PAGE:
My question here: is there much difference from an offensive tackle taken at No. 2 and a tackle taken at 13? Lot’s of OTs in this draft, Texas A&M has two projected in the top 13. The Rams were burned onerously the last time they had the No. 2 pick in 2009 when they selected Jason Smith from Baylor. In fairness, Smith had only played tackle one season at Baylor, lining up at tight end the rest of his college career. Oh wait, that tact worked with Nate Solder with the Patriots. Coaching matters a lot, I guess.
Sexy but head-scratchy
Bleacher Report thinks the Rams will take South Carolina defensive end Jadeveon Clowney. Most NFL people speculated had Clowney been available last season that he would have gone No. 1 overall. He struggled at times this season in college, didn’t have any bear-like highlights, but he could be a steal.
The problem here is that the Rams already have two pro-bowl caliber defensive ends and they’ve drafted a lot of defensive lineman recently. There are different philosophies in this situation. Ravens draft guru Ozzie Newsome has talked about taking the best player available regardless of position. The NY Giants have periodically picked defensive lineman and play them interchangeably along the line, defying positional archetypes.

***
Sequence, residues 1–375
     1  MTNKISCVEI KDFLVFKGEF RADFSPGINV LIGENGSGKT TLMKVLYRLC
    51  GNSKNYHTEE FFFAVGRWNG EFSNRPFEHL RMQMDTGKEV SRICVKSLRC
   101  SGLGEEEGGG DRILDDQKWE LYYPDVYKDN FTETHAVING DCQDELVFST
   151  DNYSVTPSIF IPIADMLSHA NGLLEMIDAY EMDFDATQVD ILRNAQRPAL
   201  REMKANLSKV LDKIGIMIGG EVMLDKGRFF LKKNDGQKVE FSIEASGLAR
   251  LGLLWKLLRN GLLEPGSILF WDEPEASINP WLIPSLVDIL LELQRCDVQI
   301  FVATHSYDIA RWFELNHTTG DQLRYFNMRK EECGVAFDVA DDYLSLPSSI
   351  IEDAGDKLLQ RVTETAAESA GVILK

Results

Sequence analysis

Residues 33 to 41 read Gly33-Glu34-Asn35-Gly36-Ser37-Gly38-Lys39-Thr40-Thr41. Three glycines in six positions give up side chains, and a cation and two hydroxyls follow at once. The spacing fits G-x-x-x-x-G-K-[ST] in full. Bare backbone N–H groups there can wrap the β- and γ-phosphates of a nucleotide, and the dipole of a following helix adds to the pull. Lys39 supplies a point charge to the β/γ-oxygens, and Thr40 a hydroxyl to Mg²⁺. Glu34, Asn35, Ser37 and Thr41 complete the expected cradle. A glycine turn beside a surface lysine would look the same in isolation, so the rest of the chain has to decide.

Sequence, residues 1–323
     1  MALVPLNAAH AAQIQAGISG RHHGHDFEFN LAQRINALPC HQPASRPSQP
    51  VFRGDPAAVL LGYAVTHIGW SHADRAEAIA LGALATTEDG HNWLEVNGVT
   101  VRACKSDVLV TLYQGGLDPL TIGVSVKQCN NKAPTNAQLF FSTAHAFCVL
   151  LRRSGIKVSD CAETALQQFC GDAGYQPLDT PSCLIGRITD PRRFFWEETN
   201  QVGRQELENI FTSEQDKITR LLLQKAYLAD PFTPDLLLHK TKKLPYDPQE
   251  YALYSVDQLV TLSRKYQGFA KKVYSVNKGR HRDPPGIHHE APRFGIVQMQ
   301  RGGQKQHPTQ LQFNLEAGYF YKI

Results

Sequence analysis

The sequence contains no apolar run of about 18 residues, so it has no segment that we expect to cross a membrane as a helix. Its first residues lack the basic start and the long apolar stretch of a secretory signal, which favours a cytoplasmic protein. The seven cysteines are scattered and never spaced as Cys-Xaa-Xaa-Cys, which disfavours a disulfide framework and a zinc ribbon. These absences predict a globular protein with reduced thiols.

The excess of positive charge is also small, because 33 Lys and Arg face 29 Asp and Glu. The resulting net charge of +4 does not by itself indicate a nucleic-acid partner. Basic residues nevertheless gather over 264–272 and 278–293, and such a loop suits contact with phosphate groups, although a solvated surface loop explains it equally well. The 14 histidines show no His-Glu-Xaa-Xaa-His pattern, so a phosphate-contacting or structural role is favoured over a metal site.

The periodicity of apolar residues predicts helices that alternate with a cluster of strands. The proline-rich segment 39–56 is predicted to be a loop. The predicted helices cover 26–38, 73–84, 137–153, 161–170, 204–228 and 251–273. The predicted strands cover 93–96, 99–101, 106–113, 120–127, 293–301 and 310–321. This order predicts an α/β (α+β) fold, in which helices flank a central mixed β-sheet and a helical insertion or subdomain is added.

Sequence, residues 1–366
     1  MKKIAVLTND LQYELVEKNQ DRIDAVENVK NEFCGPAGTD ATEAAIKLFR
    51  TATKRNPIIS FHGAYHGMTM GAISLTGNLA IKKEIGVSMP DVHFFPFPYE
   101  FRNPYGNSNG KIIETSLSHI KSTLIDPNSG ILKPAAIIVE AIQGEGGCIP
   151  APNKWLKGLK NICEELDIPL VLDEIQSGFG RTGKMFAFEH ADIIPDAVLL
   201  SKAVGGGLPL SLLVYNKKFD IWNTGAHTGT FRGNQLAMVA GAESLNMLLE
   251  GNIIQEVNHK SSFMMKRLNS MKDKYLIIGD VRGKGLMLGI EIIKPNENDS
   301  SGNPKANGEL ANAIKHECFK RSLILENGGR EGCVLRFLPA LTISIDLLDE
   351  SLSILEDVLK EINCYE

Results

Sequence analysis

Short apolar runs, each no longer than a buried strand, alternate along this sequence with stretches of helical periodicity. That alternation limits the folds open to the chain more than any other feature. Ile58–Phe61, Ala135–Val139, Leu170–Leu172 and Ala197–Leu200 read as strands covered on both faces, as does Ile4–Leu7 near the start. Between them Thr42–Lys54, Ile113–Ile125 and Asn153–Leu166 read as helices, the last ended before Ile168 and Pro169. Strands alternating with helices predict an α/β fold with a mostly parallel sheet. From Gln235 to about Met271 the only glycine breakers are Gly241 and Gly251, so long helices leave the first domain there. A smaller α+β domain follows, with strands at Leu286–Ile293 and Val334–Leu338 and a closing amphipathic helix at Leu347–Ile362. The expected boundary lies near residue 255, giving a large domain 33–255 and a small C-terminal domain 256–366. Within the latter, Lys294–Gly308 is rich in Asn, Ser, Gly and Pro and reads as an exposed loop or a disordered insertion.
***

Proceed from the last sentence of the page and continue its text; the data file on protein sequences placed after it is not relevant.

Something else to consider, in 2010, the Rams had a chance to take a game-changing defensive player, a guy who contended for the Heisman trophy at defensive tackle – Ndamukong Suh. Although controversial, Suh has proven to be one of the best players in the league. Ever since, the Rams have seemed to draft defensive lineman in abundance.
Clowney could be the next Julius Peppers, and think of what he could do next to Brockers, Long, and Quinn.
What I prefer, second option
I believe the No. 1 area of need for the Rams is quarterback. In that 2010 draft, the Rams decided to pick Sam Bradford No. 1, even though he had not played the previous season. After a strong rookie season, Bradford has been varying degrees of disappointing.
“But he’s never had good receivers.” “But he’s never had a great offensive line.”